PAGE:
China's push for control of mineral resources will almost certainly lead to heightened geopolitical tensions in South-East Asia, according to contrarian Swiss investment guru Marc Faber.
Speaking at Mining Indaba yesterday Mr Faber said China's expansion had become the most important feature of global economics, replacing the US consumer as the primary agent of economic growth.
"We are living in a new world - in which the whole world no longer depends on the American consumer, but it now largely depends on China," he said. "Because as China expands they will buy raw materials, then the resource producers do all right, and then they buy goods from China and from other countries and so on and so on."
But Mr Faber said as US economic might became less important, its attempts to contain China's growing influence would grow, potentially leading to political and military tensions in the Asia Pacific region. "If you read foreign affairs papers in the US, the words 'how do we contain China' repeatedly come up," he said. "We can just switch and turn off the oil tap - that's one way to contain them.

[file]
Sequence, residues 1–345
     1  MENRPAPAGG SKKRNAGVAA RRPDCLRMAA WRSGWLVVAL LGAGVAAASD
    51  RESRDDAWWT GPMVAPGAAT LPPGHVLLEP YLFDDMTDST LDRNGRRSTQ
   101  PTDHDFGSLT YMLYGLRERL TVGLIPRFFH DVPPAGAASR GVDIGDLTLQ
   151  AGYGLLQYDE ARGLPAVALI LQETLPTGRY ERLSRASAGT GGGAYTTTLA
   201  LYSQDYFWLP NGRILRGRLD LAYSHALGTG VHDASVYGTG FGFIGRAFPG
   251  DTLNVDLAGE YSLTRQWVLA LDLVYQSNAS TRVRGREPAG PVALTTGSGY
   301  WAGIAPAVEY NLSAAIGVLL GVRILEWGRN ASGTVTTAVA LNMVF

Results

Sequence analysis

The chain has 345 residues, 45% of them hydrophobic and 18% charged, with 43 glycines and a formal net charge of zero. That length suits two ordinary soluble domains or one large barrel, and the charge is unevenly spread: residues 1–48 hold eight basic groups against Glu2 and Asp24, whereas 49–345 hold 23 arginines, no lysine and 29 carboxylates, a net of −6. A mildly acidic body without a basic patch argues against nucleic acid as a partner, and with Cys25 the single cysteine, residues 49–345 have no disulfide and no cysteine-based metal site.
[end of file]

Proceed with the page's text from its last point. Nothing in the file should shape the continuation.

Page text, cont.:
Mr Faber said the presence of US military bases in South-East Asia, and particularly its potential to dominate shipping routes China relies on for the delivery of raw materials, would lead to a rise in tension between the US and China.
"What would you do if you were a strategist for the military in China, and you knew all the raw materials come here from the Strait of Malacca - and you have an American fleet around, and military bases and naval bases? I think you would be very concerned," he said.
"I am quite negative, I think we will head into huge tensions - not just in the Middle East, but also in South-East Asia because that is the backyard of China."
The Swiss fund manager said that tension could spill over into Africa, as China seeks control of major resource projects to feed its industrial needs. But Mr Faber said he was bearish on the medium-term outlook for the Chinese economy.
"In iron ore and copper China has probably reached a level where demand may not contract, but it's not going to go up as rapidly," he said.
Mr Faber said China was running out of time to solve issues around its real estate bubble."I think they can again postpone a crisis, but this is probably the last time they can do it," he said.